“Apparently you can also spit Spanish,” she says, wiping her face.
Robert says, “You know in South America, coger means ‘to fuck.’ Here you say ‘coger un tren,’ and the South Americans think we are talking about fucking a train. I mean, they know what we are saying, but they still think it’s funny.”
“Because it is,” I aver.
Soon we are talking about the common mistakes made by people new to Spanish: how much of a difference a vowel can make, as in pollo (chicken) and polla (penis).
“But wait a minute,” Robert says. “Polla ends in an a, which means it’s a feminine noun! How can that be?”
“Oh, no, it can’t be. It’s probably like problema, which is masculine,” I suggest.
“Problema is feminine,” Willow asserts. “Una problema.”
“Mm, I think it’s un problema,” I respond. Now, Willow is fluent in Spanish, whereas my Spanish still officially sucks. Someone trustworthy (I forget who) told me about “un problema” recently, so I am confident in my position.
“Si,” says Robert. “Un problema.”
Willow gets up to go ask the bartender. I look at Robert and point to him and to myself, and squint my eyes and nod, as if to say, we are right!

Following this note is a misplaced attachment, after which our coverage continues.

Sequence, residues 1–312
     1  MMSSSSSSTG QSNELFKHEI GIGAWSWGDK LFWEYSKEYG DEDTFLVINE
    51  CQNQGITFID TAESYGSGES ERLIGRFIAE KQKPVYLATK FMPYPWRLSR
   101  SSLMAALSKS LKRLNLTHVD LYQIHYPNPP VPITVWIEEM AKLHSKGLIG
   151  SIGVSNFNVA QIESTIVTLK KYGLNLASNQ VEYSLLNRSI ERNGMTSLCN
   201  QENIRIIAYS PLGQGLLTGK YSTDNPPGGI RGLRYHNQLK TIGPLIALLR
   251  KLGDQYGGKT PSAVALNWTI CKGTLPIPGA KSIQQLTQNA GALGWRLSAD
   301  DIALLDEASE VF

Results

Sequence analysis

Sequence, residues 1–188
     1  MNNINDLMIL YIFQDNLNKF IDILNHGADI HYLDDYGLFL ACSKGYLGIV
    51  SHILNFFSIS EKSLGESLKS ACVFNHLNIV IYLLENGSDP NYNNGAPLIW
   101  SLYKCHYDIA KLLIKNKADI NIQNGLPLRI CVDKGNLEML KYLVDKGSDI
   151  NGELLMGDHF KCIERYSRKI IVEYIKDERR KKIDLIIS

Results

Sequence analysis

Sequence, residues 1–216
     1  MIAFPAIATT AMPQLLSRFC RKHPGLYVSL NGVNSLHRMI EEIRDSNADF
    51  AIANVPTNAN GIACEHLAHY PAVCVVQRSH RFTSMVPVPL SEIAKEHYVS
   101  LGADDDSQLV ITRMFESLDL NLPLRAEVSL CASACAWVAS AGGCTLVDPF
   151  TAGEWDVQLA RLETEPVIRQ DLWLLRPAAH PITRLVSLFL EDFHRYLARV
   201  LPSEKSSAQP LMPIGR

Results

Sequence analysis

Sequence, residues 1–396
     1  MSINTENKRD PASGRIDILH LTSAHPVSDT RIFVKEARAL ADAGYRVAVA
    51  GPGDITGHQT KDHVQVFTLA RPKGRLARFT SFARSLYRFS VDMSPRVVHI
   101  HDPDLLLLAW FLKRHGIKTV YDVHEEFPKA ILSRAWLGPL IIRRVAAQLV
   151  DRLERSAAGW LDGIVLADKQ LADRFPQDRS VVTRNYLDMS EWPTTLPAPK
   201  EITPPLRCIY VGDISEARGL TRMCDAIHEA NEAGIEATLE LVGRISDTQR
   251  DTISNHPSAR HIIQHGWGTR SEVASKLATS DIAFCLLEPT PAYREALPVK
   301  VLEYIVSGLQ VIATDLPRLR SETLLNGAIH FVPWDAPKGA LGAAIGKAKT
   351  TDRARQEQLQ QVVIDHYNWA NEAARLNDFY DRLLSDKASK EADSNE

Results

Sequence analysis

Willow has begun chatting with the bartender, so Robert and I approach and sit at the bar too. Manuel is from Venezuela, a smiling man with kind eyes. He confirms un problema. He also, with a shrug, informs us that polla is indeed feminine.
“My mind is blown,” I announce.
The four of us chat a while longer. I mostly listen, because things are taking place in Spanish. It’s a very pleasant time and we close down the bar.
Willow and Robert walk me home. It’s 3:30. I’m drunk and exhausted. I don’t really have any words to express how fortunate I am, how grateful, to be exactly here with exactly there people having exactly these experiences. No words, that is, except for those above.
Ten hours later, on the metro, the sadness hits again. I pull out Willow’s Pablo Neruda book. Each poem is in Spanish, followed immediately by the English translation. I read a few lines in Spanish, then skip over to English, back to Spanish, over to English one more time. I close the book. I am thrilled and in tears. Neruda’s poetry is often described as sensual/ sexual, but those are not the feelings. I have a surfeit of emotion, and one of my most fulfilling experiences is to somehow let that all open up. It’s why I write. The lines I have just read make me feel the way I do when I listen to my favorite music in any moment. No words without music have ever done that to me before. The book is still closed, because I don’t know if I can tolerate more joy right now.